Ruffled Feathers and Spilled Milk

Farming with ducks and dairy goats, chickens and children.

My People Are Everywhere.

Posted on | February 3, 2013 | 5 Comments

Had to leave a family member in the hospital overnight for observation.  Everything should be OK but the doctors wanted to be sure.  As we headed upstairs from the emergency room, I scrutinized the floor we were assigned.  No nurses were running around frantic and overwhelmed, no patients were stumbling around the halls desperately searching for a glass of water or a blanket.

When we got our room, I watched the nurse carefully.  She seemed friendly and competent.  She listened politely while we explained we had missed dinner while in the ER and asked if a tray could be sent up, even though it was 10pm.  She nodded and then went through her paperwork.  I waited and listened to her gathering history as I pretended to read my book.  I was surprised when she asked about unusual bruises or scratches.

I looked up and commented, “We have a farm.  Sometime we have bruises and scratches we don’t even notice for days and can’t remember where we got them.  Why?”

She replied that the hospital takes note of large bruises, scratches, or other injuries that a patient arrives with so that a patient can’t claim later that it happened while in the hospital.  I was digesting this information, wondering when we became such a ridiculously litigious society, when she spoke again.

“Did you say you farmed?  Do you need any roosters?  A bunch of our chicks turned out to be roosters and I’ve got to give those guys away or butcher them.  They’re fighting terribly.”

I laughed out loud, thinking of our roosters that were safely crated already and waiting to be butchered after church.

“Nope.  We’re full up on roosters.”  I said.

Then the meal tray arrived.  And I picked up my book, gave a kiss tonight, and headed home to get to some sleep before coming back to talk to the doctor in the morning.  I knew we were in good hands.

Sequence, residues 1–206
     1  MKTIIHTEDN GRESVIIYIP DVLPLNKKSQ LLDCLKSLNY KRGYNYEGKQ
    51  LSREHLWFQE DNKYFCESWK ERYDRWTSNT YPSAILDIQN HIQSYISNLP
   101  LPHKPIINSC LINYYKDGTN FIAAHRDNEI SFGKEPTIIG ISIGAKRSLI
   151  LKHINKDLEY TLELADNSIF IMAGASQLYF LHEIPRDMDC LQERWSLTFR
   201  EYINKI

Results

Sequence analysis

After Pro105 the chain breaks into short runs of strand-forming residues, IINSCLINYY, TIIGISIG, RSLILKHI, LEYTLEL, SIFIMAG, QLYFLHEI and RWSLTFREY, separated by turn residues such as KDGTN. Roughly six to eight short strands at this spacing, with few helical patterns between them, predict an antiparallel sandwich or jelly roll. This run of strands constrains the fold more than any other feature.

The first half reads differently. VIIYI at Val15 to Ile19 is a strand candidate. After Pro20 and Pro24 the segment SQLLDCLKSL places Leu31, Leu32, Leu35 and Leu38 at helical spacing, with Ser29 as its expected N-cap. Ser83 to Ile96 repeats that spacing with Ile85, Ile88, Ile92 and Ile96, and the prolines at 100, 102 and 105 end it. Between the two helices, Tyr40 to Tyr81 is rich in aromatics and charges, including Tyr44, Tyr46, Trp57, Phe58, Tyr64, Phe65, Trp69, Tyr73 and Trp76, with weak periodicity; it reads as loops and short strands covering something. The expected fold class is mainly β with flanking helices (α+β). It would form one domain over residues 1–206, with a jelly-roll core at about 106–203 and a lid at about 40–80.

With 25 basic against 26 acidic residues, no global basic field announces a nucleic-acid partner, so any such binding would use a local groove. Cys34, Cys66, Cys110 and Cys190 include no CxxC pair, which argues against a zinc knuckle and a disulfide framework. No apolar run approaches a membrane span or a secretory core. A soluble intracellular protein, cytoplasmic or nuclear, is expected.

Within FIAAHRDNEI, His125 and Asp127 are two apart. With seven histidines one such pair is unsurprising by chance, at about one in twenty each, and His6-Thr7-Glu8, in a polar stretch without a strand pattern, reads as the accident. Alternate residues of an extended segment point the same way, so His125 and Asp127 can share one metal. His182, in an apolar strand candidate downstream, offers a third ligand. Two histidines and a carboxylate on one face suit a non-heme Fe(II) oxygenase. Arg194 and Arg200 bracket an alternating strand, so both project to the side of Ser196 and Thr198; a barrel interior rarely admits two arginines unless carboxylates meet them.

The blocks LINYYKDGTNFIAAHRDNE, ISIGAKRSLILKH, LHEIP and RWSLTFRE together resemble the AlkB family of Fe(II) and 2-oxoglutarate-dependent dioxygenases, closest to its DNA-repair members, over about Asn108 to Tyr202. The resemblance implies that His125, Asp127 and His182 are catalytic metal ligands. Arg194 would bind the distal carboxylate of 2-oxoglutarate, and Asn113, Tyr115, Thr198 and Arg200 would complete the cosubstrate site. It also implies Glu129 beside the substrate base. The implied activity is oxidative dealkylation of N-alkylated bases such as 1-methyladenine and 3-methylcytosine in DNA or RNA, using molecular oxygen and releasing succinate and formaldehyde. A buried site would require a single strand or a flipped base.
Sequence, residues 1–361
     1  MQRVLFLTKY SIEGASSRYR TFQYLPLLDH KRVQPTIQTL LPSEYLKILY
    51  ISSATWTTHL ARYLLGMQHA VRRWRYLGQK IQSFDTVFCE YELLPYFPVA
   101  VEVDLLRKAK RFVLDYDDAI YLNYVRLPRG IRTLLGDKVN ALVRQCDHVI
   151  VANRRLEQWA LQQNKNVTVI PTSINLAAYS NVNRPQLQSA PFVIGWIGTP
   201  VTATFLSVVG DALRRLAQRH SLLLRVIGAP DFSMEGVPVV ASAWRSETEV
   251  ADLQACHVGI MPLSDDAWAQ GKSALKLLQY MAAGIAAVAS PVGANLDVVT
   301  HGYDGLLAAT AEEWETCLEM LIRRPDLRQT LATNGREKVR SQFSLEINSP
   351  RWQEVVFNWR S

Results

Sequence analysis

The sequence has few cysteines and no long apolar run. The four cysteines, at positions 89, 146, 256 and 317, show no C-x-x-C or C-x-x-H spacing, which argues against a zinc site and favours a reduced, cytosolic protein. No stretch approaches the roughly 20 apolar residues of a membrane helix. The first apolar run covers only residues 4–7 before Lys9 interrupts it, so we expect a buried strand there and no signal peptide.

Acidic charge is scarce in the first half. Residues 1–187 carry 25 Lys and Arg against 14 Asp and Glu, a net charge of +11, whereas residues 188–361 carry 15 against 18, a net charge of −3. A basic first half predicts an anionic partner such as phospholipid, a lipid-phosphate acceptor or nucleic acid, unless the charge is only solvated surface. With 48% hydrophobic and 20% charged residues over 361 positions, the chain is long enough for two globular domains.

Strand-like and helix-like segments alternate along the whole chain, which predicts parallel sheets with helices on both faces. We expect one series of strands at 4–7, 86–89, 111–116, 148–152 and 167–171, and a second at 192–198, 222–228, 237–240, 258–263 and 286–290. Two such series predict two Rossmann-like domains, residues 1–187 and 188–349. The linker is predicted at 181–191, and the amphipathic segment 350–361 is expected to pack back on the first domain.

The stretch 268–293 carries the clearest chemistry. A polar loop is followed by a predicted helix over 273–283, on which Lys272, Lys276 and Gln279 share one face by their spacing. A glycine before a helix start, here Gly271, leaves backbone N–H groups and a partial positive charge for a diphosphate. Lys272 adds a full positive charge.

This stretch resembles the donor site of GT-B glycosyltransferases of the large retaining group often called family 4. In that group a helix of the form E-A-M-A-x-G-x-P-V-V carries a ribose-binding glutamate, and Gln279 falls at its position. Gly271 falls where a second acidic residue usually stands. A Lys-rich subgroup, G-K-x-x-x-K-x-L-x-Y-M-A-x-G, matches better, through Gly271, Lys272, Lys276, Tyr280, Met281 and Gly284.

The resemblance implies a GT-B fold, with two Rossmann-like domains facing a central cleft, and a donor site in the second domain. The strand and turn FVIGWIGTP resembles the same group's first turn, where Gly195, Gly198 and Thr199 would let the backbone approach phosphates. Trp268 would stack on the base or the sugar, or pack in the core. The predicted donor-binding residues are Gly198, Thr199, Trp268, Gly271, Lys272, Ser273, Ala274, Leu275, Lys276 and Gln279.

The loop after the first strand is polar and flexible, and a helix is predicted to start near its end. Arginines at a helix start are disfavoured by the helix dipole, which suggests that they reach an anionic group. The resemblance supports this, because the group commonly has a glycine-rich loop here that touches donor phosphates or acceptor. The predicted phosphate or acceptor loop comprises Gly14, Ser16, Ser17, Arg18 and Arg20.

Because my people are everywhere.

Everywhere, I tell ya.

Thank goodness.

Comments

5 Responses to “My People Are Everywhere.”

  1. Courtney
    February 3rd, 2013 @ 7:18 am

    Stevie,
    Let Nils and me know if there is absolutely anything we can do to help you. I know how exhausting it can be going back and forth to the hospital along with all the other added stress that comes along with that. Take care and keep us posted. Love, Nils and Courtney

  2. Lin
    February 3rd, 2013 @ 10:28 am

    Oh, I hope whoever is in the hospital is better soon. :(

    They ask all sorts of odd questions at the hospital now. My daughter broke her ankle falling down the stairs at school. The ER nurse asked her if she ever felt sad or if she felt like hurting herself. My cousin said they ask the same questions at her OB visits–and even go so far as to ask if she feels save in her home or threatened by her partner.

    Such a weird world we live in.

    I’m glad you got a good nurse. These days they are so overworked and understaffed. I hope the night nurses were as good.

  3. Sandy Livesay
    February 3rd, 2013 @ 1:10 pm

    I will keep your family in my prayers in hopes that everything is fine.

    It’s a good thing to have a doctor willing to make sure everything is okay, even if it requires a night at the hospital.
    Blessings

  4. carolyn christman
    February 4th, 2013 @ 3:15 pm

    I’d say, yes, that ‘Our’ people are everywhere — completely true. many years ago was going under anesthesia for a minor test and got to talking with the nurse about either cantaloupes or figs and found a kindred spirit. Hope all is well & soon
    c

  5. Allison
    February 5th, 2013 @ 11:00 am

    Hi there, stopping by from Pennsylvania. I said a prayer for you and your family. Hospitals are very draining I know. How nice to find someone to relate with. HAve a blessed day!

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